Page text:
My Mk1 VBRP had a burnt out feed motor and cracked gearbox casting when I got it, but I managed to buy a replacement gearbox and motor from a pikey* who was changing his machine over to single phase with one of the nasty bolt on feed drives.
I think I've still got the original gearbox under a bench, so If I can find it, I can liberate the gears from it and post them to you.
If I can't find the box, then they're either 20DP (same as the changewheels for the box), which would be available from HPC-gears or they're 22DP, which are mich more rare in the UK.
*The sod charged me extra for the motor, even though it's an integral part of the assembly...
Edited By Mark Rand on 21/12/2020 09:52:02
|Thread: Myford ML7 faster speed|
Just a few notes:-
Pressurised oil feed is not needed for high speed, it's needed for low speed. The load carrying capacity of a hydrodynamic bearing increases as the speed increases.
A hydrodynamic bearing has zero load carrying capacity for loads that occur at approximately half per rev. Hence the danger of oil whirl in lightly loaded bearings. This tendency is reduced by using lemon shaped bearing bores. In internal combustion engines, half speed loads are intrinsic in the four stroke cycle.
If the bearings aren't running warm and there is a reasonable rate of oil feed, then just jack the speed up...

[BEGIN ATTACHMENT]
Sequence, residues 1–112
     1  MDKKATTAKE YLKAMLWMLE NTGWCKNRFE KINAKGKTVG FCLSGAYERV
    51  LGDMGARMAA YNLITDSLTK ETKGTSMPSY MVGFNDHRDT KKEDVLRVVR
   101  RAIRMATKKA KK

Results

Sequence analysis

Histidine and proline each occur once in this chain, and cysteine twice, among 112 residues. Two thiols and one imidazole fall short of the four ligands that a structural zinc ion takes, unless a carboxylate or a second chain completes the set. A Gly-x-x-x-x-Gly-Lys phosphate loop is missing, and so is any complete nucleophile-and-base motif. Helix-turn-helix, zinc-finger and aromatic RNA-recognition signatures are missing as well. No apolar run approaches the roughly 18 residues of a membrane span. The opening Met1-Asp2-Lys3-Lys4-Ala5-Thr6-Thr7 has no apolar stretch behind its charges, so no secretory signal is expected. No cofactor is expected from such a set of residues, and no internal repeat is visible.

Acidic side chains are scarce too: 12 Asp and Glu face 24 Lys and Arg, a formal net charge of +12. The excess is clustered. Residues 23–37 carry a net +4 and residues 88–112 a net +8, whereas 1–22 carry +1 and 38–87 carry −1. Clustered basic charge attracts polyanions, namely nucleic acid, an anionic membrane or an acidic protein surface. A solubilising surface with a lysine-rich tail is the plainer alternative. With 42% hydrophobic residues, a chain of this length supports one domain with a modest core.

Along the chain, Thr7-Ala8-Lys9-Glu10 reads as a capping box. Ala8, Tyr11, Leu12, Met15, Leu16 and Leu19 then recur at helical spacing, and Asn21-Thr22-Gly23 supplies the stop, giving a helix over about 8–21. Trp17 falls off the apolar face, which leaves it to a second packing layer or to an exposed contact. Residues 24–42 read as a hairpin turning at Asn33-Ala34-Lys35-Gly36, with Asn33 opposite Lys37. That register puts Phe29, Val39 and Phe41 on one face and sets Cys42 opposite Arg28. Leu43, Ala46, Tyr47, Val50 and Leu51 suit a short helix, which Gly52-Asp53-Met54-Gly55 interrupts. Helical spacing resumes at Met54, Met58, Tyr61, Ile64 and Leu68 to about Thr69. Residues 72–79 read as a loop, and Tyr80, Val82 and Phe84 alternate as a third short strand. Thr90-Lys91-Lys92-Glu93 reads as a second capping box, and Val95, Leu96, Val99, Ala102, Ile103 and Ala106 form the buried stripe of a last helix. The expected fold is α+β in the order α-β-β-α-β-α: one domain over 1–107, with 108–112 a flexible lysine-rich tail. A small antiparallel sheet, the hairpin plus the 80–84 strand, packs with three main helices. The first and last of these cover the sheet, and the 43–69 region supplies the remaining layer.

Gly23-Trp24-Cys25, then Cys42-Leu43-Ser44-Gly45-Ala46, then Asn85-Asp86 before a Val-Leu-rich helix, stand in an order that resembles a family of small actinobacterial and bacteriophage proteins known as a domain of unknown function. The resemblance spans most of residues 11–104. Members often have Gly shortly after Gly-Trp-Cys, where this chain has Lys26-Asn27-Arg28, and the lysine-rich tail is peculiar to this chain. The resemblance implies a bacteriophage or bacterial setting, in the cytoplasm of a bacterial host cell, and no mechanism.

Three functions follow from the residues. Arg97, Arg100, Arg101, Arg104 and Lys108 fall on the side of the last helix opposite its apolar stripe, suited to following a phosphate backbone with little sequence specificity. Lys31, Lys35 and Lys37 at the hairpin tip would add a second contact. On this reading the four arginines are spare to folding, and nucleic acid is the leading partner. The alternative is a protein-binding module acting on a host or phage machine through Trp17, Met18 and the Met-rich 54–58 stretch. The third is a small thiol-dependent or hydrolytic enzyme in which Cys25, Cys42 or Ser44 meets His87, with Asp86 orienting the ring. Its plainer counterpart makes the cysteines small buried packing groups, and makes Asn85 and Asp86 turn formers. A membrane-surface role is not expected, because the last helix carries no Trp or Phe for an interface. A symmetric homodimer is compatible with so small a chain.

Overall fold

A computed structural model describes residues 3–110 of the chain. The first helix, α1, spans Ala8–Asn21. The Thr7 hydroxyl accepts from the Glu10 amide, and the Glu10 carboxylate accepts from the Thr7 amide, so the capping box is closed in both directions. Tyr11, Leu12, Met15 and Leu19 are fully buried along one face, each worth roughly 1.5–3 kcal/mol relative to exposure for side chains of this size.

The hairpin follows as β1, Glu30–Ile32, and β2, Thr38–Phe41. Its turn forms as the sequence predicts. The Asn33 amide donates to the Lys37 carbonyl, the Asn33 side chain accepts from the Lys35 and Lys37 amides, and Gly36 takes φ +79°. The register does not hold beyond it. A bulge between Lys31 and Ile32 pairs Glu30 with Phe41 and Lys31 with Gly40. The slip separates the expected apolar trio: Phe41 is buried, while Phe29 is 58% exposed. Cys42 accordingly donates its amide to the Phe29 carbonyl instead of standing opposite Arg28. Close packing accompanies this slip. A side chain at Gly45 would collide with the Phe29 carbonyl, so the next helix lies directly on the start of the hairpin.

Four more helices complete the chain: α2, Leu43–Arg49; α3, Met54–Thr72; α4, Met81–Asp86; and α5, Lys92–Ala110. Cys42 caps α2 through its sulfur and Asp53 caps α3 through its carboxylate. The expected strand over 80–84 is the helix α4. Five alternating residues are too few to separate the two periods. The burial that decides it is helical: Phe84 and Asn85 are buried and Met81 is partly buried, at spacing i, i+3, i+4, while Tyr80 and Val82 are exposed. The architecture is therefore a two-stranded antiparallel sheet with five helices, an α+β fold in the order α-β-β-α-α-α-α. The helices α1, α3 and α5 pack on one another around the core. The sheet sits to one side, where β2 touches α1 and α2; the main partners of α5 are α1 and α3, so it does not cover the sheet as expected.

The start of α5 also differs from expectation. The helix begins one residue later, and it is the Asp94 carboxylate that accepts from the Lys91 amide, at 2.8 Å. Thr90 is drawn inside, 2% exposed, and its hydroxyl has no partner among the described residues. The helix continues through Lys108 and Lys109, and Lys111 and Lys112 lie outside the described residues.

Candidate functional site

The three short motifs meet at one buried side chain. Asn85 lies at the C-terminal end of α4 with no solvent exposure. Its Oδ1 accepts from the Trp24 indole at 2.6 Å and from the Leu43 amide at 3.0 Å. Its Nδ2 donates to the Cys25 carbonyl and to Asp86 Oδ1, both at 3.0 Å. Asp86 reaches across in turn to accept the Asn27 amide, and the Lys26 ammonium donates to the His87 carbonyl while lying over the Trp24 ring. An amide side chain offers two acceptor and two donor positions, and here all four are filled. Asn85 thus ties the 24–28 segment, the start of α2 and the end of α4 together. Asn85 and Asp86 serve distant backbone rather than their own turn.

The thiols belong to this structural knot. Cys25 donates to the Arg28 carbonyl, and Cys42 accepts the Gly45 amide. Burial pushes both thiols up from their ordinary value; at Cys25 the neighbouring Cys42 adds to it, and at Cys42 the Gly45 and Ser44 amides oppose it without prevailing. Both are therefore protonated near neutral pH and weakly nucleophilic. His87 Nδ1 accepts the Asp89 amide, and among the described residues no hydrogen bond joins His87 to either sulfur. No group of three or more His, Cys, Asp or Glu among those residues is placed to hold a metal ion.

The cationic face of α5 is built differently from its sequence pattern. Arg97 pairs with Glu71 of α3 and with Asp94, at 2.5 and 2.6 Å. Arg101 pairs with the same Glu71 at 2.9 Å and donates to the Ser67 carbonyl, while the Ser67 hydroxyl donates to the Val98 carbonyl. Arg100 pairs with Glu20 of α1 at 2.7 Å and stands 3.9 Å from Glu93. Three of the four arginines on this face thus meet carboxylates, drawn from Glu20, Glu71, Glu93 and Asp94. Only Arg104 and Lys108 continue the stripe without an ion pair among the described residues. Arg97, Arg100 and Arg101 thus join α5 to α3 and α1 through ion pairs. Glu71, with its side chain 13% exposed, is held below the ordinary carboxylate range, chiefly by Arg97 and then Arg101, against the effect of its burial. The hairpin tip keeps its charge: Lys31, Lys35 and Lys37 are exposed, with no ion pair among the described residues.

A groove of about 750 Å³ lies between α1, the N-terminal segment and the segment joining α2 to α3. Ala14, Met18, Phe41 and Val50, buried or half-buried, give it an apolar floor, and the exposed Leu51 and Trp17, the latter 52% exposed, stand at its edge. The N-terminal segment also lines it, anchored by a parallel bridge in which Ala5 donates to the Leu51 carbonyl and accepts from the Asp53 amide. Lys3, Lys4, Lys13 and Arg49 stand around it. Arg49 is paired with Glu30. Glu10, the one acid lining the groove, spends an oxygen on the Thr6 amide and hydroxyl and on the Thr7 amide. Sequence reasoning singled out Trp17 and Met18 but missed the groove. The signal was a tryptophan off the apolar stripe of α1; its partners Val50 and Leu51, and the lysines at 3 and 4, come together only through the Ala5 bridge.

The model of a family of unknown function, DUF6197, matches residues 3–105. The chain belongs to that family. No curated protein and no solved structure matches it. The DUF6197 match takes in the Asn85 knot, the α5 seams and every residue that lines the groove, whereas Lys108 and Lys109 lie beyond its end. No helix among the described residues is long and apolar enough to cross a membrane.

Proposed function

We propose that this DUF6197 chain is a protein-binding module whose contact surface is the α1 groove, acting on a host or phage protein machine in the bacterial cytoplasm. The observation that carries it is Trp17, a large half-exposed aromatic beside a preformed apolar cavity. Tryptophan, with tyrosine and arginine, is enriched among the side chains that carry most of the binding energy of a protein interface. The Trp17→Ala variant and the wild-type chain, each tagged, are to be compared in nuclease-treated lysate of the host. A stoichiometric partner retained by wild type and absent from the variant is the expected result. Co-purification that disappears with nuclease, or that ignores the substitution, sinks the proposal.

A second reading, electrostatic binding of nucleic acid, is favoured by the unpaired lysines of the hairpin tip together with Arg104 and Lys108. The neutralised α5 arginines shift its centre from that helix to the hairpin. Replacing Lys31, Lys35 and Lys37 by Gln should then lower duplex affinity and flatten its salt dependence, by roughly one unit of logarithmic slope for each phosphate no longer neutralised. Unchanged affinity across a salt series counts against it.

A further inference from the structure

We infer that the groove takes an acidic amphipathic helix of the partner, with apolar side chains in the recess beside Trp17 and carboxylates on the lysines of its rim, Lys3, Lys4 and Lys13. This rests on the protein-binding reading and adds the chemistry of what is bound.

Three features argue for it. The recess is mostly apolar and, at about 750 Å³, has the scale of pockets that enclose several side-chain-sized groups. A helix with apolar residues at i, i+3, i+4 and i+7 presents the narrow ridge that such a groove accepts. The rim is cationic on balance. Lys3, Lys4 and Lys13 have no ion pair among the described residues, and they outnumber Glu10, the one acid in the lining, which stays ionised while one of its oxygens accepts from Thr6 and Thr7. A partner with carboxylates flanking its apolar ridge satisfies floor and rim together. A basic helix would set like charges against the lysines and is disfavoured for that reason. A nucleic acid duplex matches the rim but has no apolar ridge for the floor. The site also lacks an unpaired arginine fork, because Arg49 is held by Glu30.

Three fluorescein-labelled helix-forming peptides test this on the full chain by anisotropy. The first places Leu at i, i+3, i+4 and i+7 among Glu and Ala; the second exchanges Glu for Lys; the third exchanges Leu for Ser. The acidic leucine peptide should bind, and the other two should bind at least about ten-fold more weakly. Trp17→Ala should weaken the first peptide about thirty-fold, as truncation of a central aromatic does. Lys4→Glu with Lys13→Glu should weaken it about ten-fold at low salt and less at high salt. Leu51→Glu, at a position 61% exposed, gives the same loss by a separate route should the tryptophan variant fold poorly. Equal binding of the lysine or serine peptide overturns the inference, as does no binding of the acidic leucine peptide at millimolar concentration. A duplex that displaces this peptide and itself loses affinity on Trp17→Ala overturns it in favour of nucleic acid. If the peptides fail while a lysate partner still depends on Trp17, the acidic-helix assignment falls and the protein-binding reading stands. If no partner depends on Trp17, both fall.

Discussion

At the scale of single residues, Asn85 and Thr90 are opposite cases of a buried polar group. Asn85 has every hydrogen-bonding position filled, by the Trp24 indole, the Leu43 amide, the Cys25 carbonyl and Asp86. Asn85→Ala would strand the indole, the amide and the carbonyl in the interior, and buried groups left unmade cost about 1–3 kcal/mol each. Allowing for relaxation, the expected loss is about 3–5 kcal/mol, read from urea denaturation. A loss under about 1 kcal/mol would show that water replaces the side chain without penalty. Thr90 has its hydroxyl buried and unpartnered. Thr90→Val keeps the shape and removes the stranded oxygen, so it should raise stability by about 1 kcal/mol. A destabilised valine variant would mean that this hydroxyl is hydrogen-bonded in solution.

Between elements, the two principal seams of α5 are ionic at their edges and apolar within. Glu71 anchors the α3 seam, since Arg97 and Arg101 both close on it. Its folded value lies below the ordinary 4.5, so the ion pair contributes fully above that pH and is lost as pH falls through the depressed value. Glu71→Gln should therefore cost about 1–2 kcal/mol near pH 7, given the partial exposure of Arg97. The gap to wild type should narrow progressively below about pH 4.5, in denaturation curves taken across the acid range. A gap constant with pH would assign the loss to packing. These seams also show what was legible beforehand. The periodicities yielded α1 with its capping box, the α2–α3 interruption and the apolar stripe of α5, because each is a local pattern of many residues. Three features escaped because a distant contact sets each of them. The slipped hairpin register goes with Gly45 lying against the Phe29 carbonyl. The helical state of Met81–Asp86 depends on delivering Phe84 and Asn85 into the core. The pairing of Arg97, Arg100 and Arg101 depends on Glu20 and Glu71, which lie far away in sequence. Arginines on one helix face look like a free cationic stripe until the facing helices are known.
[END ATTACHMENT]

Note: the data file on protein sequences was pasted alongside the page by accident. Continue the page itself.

The counter shaft bearings will fail well before the mandrel bearings do, they are smaller, more heavily loaded.and less reliably lubricated.
Edited By Mark Rand on 18/11/2020 20:24:10
|Thread: Making storage air power out of thin air - new UK powerplant|
Just a small point:- liquid gas production plants use turbocompressors, with axial flow compressors, heat extraction, then axial flow turbines to expand the gas, cool it and feed power back to the compressors. This is more efficient than the free expansion in the Joule Thompson system.
Having said that, you still need to supply the heat that you rejected back to the liquified air/nitrogen in order to get meaningful output from the gas at the consumer end. You also need a plant that's got reaonable efficiency in extracting what's left of the usable energy at the consumer end. 75% cycle efficiency? Not convinced.
As a datum, AEI/GEC machines Rugby supplied what were the world's largest synchronous motors at 29,000hp for an oxygen liquifaction plant for a steel mill in the mid '70s...
If the plant stores the rejected heat in a usable form to help to re-gasify the air I'll believe that it's meaningful.
Edited By Mark Rand on 08/11/2020 23:18:26
|Thread: Learning CAD with Alibre Atom3D|
How much help is there on creating/editiing a Post for your machine?
|Thread: Myford Oil Pump|
The one linked to is a Wanner oil pump. They are good and there are a number of options for oil/grease and different nozzle types. The original myford guns were a very old Tecalemit design that could have been improved when new inventions such as plastics became available.
And yes, I have and use a both types.
This is where mine came from. They had the ends I needed for the recessed spherical cups in my Beaver milling machine.
Edited By Mark Rand on 28/10/2020 22:08:08
Want the latest issue of Model Engineer or Model Engineers' Workshop? Use our magazine locator links to find your nearest stockist!
You can contact us by phone, mail or email about the magazines including becoming a contributor, submitting reader's letters or making queries about articles. You can also get in touch about this website, advertising or other general issues.
Click THIS LINK for full contact details.
For subscription issues please see THIS LINK.